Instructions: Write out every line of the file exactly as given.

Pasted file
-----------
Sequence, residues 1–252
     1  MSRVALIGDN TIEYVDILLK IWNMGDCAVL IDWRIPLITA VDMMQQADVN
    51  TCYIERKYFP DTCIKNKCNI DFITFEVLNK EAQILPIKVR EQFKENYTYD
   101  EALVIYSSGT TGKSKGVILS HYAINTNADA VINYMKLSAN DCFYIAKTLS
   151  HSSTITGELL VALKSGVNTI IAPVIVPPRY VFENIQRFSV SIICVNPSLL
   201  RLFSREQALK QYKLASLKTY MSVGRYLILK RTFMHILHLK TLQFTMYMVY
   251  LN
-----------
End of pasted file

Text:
Sequence, residues 1–252
     1  MSRVALIGDN TIEYVDILLK IWNMGDCAVL IDWRIPLITA VDMMQQADVN
    51  TCYIERKYFP DTCIKNKCNI DFITFEVLNK EAQILPIKVR EQFKENYTYD
   101  EALVIYSSGT TGKSKGVILS HYAINTNADA VINYMKLSAN DCFYIAKTLS
   151  HSSTITGELL VALKSGVNTI IAPVIVPPRY VFENIQRFSV SIICVNPSLL
   201  RLFSREQALK QYKLASLKTY MSVGRYLILK RTFMHILHLK TLQFTMYMVY
   251  LN